Sunday, August 19, 2018

Hurricane Threat Reduced by Cold Atlantic, Al Roker Blames Global Warming

We are approaching the latter part of August, which typically means that we are entering the peak of the Atlantic hurricane season. According to National Oceanic and Atmospheric Administration (NOAA) statistics, September 10th is the peak of the season with the month of August serving as a significant ramp up period. This year forecasters have continued to adjust their forecasts downward. One of the primary reasons is that the region of the Atlantic that "breeds" storms at this time of year has colder than normal waters.

NOAA recently released its updated projections for the season. Periodic updates are often issued by NOAA's Climate Prediction Center and many of the academic organizations that release seasonal hurricane forecasts. The August 9th update by NOAA calls for below-normal or near normal activity going forward. It notes,
The outlook indicates a 60% chance of a below-normal season, a 30% chance of a near-normal season, and only a 10% chance of an above-normal season. Less activity is now expected compared to NOAA's pre-season outlook issued on 24 May.....The Atlantic hurricane region includes the North Atlantic Ocean, Caribbean Sea, and Gulf of Mexico.
What is "normal?" It is based on seasonal averages over the period of 1981 to 2010. This thirty year period is called a "climate normal," and they are often used to quantify anomalies. The predicted ranges are centered below the 1981-2010 season averages of about 12 named storms, 6 hurricanes, and 3 major hurricanes.

The NOAA update has given a 70% probability of 9 to 13 named storms. There have already been three storms so far. The agency is also calling for 4 to 7 hurricanes (two so far) and 0-2 major hurricanes (category 3 or higher). This is consistent with downward adjustments by the Tropical Meteorology Project at Colorado State, which is also calling for below normal activity.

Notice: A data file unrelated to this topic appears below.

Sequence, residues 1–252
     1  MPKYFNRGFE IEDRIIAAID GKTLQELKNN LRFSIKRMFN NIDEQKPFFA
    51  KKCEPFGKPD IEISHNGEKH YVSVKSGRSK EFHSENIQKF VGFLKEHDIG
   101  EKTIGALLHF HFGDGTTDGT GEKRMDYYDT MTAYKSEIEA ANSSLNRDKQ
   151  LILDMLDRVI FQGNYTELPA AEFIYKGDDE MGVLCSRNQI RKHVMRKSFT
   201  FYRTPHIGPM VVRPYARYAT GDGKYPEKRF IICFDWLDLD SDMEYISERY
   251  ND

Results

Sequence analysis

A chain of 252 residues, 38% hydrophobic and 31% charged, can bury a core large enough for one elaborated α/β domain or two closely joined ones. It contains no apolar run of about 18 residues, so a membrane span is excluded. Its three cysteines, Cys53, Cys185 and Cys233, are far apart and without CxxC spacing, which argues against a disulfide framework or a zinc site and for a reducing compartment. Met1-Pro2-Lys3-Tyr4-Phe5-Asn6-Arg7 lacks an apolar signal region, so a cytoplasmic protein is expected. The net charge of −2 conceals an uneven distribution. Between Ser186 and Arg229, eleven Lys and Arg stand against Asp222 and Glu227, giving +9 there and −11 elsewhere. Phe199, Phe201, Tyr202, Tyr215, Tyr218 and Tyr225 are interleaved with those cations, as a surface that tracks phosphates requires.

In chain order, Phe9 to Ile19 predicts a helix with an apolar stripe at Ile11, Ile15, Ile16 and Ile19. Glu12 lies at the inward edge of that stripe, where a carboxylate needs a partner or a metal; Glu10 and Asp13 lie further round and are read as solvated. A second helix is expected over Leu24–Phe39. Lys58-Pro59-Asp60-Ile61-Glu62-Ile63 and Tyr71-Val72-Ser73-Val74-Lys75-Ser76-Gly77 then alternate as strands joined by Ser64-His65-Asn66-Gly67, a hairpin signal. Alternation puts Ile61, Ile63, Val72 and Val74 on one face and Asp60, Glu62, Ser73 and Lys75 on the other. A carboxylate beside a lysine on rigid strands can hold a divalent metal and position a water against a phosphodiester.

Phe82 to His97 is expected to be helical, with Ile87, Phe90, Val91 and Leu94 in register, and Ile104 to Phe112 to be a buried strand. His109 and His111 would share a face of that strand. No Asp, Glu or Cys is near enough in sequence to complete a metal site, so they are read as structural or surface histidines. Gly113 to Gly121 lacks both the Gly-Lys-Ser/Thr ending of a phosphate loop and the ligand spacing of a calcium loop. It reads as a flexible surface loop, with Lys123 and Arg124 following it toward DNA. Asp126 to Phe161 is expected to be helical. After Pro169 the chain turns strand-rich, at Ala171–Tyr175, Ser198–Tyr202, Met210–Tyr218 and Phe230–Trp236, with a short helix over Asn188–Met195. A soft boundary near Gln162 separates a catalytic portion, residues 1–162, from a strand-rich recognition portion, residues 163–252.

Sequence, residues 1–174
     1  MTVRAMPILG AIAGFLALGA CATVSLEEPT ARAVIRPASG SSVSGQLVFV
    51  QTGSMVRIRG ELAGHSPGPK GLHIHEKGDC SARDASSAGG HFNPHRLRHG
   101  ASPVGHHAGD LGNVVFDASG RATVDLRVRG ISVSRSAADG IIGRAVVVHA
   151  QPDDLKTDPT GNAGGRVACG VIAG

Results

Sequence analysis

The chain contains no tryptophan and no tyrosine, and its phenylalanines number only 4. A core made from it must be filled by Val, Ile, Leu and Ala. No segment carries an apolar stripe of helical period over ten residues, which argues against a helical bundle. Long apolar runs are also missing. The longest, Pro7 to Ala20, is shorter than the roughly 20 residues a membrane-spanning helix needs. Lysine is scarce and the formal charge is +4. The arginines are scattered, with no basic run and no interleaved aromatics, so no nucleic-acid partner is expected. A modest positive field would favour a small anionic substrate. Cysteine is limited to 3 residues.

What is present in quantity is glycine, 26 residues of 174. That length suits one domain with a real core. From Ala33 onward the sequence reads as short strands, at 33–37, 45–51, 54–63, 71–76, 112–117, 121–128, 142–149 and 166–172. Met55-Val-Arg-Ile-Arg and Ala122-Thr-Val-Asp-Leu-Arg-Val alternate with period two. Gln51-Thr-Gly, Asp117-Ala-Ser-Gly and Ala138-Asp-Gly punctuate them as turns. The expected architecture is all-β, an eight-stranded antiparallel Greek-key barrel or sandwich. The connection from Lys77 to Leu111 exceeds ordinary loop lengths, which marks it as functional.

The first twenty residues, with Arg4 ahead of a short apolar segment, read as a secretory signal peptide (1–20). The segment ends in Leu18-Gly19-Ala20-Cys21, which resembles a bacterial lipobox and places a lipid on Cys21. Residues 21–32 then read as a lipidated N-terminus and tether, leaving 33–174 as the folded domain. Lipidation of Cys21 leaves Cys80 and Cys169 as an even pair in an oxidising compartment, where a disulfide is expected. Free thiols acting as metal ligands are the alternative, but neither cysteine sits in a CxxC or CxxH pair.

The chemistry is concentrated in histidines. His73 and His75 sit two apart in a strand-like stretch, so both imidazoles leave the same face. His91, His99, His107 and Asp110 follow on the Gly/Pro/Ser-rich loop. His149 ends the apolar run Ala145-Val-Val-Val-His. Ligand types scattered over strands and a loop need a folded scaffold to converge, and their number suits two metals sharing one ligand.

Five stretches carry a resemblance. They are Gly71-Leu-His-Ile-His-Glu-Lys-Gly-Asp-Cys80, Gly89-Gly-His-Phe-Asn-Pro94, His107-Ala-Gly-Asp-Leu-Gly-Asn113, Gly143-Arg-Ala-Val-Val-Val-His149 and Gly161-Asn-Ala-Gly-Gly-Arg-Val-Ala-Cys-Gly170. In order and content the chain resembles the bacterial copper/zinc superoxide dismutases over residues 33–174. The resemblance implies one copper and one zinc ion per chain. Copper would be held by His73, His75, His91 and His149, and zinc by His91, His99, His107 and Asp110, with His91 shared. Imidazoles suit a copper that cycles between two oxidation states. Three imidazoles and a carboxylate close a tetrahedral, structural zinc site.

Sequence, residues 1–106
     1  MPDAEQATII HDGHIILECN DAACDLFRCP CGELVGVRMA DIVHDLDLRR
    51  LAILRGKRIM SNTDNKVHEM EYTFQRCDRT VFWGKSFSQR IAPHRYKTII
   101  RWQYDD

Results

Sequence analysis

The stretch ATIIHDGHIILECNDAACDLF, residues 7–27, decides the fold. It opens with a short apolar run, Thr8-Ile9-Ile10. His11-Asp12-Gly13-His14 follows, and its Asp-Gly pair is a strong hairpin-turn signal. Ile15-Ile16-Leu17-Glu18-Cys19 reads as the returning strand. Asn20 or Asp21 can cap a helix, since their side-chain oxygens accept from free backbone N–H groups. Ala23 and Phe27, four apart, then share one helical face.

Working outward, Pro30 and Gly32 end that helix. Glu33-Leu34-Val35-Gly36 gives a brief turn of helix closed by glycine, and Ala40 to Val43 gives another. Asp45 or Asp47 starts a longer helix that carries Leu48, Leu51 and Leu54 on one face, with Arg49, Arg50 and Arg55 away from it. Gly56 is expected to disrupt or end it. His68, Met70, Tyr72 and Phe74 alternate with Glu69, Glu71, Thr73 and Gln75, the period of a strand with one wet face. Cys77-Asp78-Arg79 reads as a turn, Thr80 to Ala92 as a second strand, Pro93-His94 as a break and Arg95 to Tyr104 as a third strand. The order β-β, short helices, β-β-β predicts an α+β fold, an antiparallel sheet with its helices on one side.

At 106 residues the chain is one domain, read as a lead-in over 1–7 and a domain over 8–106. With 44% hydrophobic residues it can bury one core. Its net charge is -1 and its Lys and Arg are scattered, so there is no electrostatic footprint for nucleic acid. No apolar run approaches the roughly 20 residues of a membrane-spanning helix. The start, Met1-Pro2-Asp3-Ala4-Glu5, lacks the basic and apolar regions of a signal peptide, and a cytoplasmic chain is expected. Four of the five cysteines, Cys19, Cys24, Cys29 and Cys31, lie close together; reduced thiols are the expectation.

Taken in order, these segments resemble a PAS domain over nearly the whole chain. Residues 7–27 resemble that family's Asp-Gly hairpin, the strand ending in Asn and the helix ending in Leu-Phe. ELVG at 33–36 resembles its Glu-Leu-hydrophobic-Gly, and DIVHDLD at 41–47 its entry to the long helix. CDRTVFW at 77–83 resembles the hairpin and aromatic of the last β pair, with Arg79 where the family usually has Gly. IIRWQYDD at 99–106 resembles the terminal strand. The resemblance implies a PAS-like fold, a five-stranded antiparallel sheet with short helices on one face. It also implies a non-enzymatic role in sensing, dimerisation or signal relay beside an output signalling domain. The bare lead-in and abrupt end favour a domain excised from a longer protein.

But from the Dept of when all you have is a hammer, everything looks like a nail,  NBC’s Roker Now Says Climate Change Causing Fewer Hurricanes
After the liberal media spent years telling viewers that climate change would increase the frequency and severity of hurricanes, on Friday, NBC’s Today show weatherman Al Roker revealed that the changing climate would actually decrease the number of storms during the upcoming hurricane season.

“And just in, we have an update for our hurricane season 2018 from the National Hurricane Center....the August update is that we’ve got a 60% chance of a below-normal hurricane season. That would be great news,” Roker announced during a weather report in the 7:30 a.m. ET half hour. He then explained the cause:
There are a couple of reasons for this. Unfortunately, because of the rapidly melting icecaps due to climate change, the sea surface temperatures in the tropical Atlantic are much colder than average. So, all that ice, that literally ice water coming into the Atlantic, keeping things cool. And a developing El Nino may actually increase wind shear, basically, tear apart storms as they come off the coast of Africa.
So despite repeated predictions from the press that hurricane seasons would become increasingly worse, the reality in 2018 is the exact opposite.
The "cold water from melting ice caps" is just BS, probably made up on the spot. The El Nino is a real thing, and in fact, most meteorologists expect fewer hurricanes and tropical storms in a warming world.

See anything remarkable there compared to recent years?

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